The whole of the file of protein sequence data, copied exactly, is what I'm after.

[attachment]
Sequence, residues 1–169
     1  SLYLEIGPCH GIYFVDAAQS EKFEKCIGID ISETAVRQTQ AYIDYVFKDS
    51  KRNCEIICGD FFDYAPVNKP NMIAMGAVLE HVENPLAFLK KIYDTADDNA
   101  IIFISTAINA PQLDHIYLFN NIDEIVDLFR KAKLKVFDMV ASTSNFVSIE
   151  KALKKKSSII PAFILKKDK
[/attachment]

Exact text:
Sequence, residues 1–169
     1  SLYLEIGPCH GIYFVDAAQS EKFEKCIGID ISETAVRQTQ AYIDYVFKDS
    51  KRNCEIICGD FFDYAPVNKP NMIAMGAVLE HVENPLAFLK KIYDTADDNA
   101  IIFISTAINA PQLDHIYLFN NIDEIVDLFR KAKLKVFDMV ASTSNFVSIE
   151  KALKKKSSII PAFILKKDK